John Cruthers is a male architect born in Australia, currently working in Australia.

Born in Perth, John graduated from the University of WA in 1976 with an honours degree in literature. It was through the short stories of Henry Lawson that he discovered the Australian painters of the 1890s and a passion for art, which lead to his appointment as student representative on the UWA Art Collection board of management. In 1974 John and his parents began collecting Australian art, focusing on modernism and women’s art.

In 1977 John moved to Sydney to pursue his other passion, film-making. He studied at the Australian Film, Television and Radio School and later produced feature films, documentaries and shorts.

In 1985 John began working professionally as an art consultant and private curator. He advised Rupert Murdoch from 1985-91, and in 1987 began working with Reg Grundy and Joy Chambers-Grundy on the Grundy Collection, one of the pre-eminent collections of Australian art of the last 30 years. He currently advises about 20 private clients.

In 2007 his family’s collection of Australian women’s art was donated to the University of WA. Now comprising 600 works by 155 artists, the Cruthers Collection of Women’s Art has been described by Ron Radford, director of the National Gallery of Australia, as “the finest private collection of Australian women’s art”. John is curatorial adviser to the Collection and a trustee of the Cruthers Art Foundation, established to support the Collection at UWA.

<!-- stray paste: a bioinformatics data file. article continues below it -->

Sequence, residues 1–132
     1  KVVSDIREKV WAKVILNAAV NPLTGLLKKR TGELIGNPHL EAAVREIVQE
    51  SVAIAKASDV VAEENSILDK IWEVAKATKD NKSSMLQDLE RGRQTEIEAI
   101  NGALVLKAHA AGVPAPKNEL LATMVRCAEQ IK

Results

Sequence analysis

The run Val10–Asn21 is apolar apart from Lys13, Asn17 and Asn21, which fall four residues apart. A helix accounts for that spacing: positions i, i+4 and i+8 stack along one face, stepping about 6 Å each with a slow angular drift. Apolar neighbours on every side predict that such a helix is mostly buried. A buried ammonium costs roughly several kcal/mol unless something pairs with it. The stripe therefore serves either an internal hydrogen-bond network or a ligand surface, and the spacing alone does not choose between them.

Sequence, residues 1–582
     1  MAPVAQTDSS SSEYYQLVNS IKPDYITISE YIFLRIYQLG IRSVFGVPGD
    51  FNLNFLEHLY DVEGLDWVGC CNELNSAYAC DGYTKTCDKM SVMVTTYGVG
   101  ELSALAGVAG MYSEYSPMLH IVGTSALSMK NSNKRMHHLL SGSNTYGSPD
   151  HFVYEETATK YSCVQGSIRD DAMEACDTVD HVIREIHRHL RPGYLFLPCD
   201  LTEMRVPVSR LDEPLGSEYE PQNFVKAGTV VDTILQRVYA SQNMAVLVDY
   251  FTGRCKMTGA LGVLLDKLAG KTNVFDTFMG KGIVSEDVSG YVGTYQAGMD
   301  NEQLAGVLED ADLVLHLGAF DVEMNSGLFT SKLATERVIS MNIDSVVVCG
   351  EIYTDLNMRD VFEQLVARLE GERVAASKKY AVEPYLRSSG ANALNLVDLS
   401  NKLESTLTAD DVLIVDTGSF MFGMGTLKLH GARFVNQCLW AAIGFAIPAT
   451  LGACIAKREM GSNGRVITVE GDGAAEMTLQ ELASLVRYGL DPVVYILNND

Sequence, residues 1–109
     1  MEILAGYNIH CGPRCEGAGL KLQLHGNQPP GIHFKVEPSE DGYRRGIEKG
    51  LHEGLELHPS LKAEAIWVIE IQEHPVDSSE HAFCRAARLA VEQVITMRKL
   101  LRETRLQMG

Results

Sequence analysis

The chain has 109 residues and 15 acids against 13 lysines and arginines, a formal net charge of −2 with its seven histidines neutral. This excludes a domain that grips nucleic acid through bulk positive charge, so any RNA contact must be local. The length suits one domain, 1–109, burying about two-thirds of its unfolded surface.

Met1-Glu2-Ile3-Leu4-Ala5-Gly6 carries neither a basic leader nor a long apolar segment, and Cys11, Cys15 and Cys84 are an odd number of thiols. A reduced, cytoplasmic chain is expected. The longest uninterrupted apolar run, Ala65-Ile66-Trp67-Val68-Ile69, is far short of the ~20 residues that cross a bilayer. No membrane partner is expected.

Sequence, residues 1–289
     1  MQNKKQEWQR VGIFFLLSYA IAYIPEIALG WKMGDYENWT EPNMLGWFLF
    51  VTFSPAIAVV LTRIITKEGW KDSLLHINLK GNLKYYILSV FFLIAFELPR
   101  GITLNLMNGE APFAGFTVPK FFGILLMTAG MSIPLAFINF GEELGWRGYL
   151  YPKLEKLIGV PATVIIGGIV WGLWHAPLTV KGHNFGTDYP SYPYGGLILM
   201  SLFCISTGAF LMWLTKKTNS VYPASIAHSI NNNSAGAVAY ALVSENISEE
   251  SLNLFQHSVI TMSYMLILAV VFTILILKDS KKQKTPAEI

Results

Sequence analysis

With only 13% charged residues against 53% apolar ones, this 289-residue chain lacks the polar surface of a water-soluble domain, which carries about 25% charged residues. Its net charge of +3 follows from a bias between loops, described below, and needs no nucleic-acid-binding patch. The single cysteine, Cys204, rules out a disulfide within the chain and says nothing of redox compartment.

John has lectured on private collecting and Australian art for institutions and collecting groups. He has written for magazines including Art & Australia, the Australian Art Review, Art Monthly and Australian Aboriginal Art, and wrote regularly on private collecting for Art World. He is an approved valuer for the Australian Government’s Cultural Gifts Program.

As a life-long art collector, John brings passion, enthusiasm, knowledge and focus to his work with clients. His primary aim is to turn people on to the joys of collecting art, which he describes as “educational and broadening, aesthetically satisfying and culturally enriching”. He also stresses the important role private collectors can play in unusual or neglected areas, as his family did in women’s art: “Let’s have private collecting which is informed, intelligent, strategic, playful even; which recognises its potential to be a crucial part of the broader cultural life of Australia.”